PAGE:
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Minute Review: The Midnight Dance (Nikki Katz)


The Midnight Dance



When the music stops, the dance begins.

Seventeen-year-old Penny is a lead dancer at the Grande Teatro, a finishing school where she and eleven other young women are training to become the finest ballerinas in Italy. Tucked deep into the woods, the school is overseen by the mysterious and handsome young Master who keeps the girls ensconced in the estate – and in the only life Penny has never known.

But when flashes of memories, memories of a life very different from the one she thinks she’s been leading, start to appear, Penny begins to question the Grand Teatro and the motivations of the Master. With a kind and attractive kitchen boy, Cricket, at her side, Penny vows to escape the confines of her school and the strict rules that dictate every step she takes. But at every turn, the Master finds a way to stop her, and Penny must find a way to escape the school and uncover the secrets of her past before it’s too late.




After assisting with a dance recital at a local performing arts high school, I have a new found appreciation for the amount of work and dedication it takes to be a ballerina. Often times we just think of the fluffy tutus and pointe shoes, forgetting that there are hours spent practicing holds and routines, mangled toes, and physical (and sometimes emotional) fatigue.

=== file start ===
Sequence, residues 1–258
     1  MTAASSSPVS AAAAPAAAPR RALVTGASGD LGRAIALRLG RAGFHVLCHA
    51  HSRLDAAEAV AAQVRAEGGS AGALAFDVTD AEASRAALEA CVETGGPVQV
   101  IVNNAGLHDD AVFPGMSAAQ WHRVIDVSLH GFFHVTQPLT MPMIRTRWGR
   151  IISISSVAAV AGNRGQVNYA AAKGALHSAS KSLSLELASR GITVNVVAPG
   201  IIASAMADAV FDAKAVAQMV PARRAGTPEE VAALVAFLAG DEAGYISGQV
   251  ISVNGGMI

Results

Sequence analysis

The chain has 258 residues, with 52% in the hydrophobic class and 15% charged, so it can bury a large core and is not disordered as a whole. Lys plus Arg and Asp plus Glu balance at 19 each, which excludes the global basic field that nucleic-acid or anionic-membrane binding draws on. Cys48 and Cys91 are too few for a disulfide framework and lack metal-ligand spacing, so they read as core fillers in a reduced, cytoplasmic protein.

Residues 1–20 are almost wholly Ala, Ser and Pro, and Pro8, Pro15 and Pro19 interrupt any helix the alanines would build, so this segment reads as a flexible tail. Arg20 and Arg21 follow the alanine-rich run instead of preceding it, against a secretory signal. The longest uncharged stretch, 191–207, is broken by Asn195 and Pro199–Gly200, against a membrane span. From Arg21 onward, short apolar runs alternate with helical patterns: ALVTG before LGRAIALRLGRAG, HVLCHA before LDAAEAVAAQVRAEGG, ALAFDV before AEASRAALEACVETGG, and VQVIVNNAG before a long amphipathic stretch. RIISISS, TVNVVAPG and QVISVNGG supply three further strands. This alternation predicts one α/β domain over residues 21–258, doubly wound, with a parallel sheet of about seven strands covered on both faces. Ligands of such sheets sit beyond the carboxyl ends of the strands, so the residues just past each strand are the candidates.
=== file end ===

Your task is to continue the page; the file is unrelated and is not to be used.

The Midnight Dance did a fair job of showing those elements of the art form while maintaining the mystery behind the fairytale retelling.

The setting was especially great. Grande Teatro was just the right combination of eerie and elegant. The descriptions of life inside of the finishing school maintained the mysterious nature of Master and lives of the girls. There were plenty of beautiful descriptions mixed in as well that really helped my active imagination set the stage for this story.

It took a bit to work through some of the plot elements, though. For me, some parts seemed rushed and not really fleshed out. I did like the twists that were thrown in, even if they were a bit predictable.

Overall, it was an original take on one of my favorite fairytales, and I think it's worth a read. 

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